meat & fish tpt

The discounters have made a major play for meat and poultry over the past year - with Aldi’s stunt of offering super-premium Wagyu beef just one eye-catching example - and this is clearly reflected in the sales figures of the major mults. Value has leaked from fresh meat and poultry to the tune of £165m, with volumes also taking a beating.

In fact, fish is the only fresh protein category that’s managed to grow in value, thanks to a continued drive towards premiumisation and added-value lines - plus the fact it’s been much more insulated from the war with the discounters. Aldi and Lidl, after all, offer much less in the way of fresh fish than fresh meat and poultry.

Of course, the topline figures hide enormous variations. Grain prices came down sharply in 2014, reducing production costs, and this particularly benefited pork and poultry, which were already significantly cheaper than red meats.

Indeed, Sonia Armanet, senior category marketing manager at Tulip, says “it’s been quite a good year for pork, which offers good value versus beef or lamb,” adding the category has also benefited from existing pork buyers increasing their basket size.

But there is no getting away from the impact of the discounters. Aldi and Lidl have done a great job expanding their red meat offerings, says Mike Whittemore, head of trade marketing at industry body Eblex. “This strategy of stocking limited SKUs and concentrating on the top five or six meat products per protein obviously works.”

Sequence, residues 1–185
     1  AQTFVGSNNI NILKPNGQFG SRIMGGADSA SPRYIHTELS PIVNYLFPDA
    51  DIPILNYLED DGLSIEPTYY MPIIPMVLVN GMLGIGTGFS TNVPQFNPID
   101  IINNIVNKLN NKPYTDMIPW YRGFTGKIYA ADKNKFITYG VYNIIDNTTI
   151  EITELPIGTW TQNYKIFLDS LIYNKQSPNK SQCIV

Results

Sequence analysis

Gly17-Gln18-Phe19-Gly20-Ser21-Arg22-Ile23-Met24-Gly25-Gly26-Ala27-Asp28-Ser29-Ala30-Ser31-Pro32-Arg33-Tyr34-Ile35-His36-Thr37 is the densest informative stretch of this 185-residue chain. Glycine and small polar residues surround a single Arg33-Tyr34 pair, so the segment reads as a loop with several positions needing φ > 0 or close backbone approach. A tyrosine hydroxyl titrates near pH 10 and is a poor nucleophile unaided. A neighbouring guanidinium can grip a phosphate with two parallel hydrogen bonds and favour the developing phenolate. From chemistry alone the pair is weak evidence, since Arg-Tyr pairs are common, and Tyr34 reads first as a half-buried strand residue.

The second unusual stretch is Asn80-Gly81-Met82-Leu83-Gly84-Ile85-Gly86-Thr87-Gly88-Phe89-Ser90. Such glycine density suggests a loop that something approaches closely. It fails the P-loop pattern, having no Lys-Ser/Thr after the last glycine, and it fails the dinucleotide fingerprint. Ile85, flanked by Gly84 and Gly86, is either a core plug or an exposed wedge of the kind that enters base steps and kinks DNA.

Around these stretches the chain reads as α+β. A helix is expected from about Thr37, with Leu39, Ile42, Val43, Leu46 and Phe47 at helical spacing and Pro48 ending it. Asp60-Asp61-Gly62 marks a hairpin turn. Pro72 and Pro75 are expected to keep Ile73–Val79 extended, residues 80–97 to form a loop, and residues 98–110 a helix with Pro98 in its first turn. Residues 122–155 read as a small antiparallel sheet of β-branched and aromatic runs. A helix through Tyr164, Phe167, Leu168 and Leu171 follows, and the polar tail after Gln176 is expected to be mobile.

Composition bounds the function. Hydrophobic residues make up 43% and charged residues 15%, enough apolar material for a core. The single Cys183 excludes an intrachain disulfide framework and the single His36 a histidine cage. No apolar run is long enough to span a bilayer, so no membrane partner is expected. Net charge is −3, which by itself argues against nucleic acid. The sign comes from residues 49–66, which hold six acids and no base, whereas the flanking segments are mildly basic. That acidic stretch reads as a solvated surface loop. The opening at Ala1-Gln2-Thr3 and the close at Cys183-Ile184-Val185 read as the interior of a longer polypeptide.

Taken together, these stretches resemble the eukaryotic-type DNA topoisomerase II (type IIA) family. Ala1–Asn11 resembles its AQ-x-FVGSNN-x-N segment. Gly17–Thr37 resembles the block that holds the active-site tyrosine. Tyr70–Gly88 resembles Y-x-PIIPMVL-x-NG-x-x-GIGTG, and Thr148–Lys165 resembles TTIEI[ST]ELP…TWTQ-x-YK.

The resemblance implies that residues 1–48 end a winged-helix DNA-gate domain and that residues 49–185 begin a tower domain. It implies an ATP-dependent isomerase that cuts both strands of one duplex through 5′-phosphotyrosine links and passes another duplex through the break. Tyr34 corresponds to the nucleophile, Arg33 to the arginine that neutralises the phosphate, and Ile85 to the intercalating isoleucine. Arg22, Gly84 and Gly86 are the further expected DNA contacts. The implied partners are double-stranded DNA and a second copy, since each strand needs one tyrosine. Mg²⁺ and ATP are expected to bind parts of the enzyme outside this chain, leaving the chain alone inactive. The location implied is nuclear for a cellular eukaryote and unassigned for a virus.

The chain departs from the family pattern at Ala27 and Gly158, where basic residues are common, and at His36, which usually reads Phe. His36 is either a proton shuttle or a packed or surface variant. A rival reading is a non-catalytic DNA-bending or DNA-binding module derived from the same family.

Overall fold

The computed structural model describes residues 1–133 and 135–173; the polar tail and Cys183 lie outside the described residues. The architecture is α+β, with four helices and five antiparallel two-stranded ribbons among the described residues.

Aldi and Lidl now account for 10% of all retail pork sales in the UK, adds Armanet. “The discounters hugely over-perform on pork, and Lidl’s merchandising stands out.”

The mults have to work hard to ensure they offer value for money when compared with the discounters, and the three for £10 or two for £7 promo mechanic remains key to this. Some experts, however, are worried about its long-term impact on category sales. “There is some cost/specification engineering employed to make these products work commercially,” says Whittemore. “Is this damaging repeat purchase? On the surface it appears not, but looking at some of the inconsistency in product quality on offer I can’t see how long this can continue.”

It’s not just about price and promotions, though. Shoppers’ desire for value has also manifested itself in the cuts they have bought. In pork, shoulder joints - which retail at a significant discount to other pork products - have continued to gain in popularity, as has pork mince.

But there’s also been development at the premium end of the market. Marks & Spencer and Waitrose have been at the forefront on beef, says Whittemore, citing new cuts such as tender top steaks and ranch stakes, beef osso bucco and bavette. “We are also seeing new cuts on lamb, especially cuts from the shoulder,” he adds, pointing to shoulder mini roasts and - tying in with the trend for slow-cooking more generally - sous-vide and pulled lamb products.

Across all proteins, ready-to-cook, added-value products continue to gain extra shelf space and experts expect this to continue, with retailers tapping new food trends such as Mexican, Vietnamese and Persian through the addition of flavoured butters and sauces. Long dominated by poultry, red meats and fish are now also increasingly finding their ways into these lines.

Top launch: Serves One by Waitrose

Ready-to-cook remains one of the key trends in fresh protein, meeting the consumer’s desire for convenience and exciting - yet accessible - new flavour experiences. Waitrose’s single-portion seasoned range, launched in the spring of 2014, fits this perfectly and spans a range of proteins, including duck and fish. The products come in skin packs - a major packaging trend in protein, with many retailers overhauling the packaging of their ranges to boost shelf standout in the past 12 months.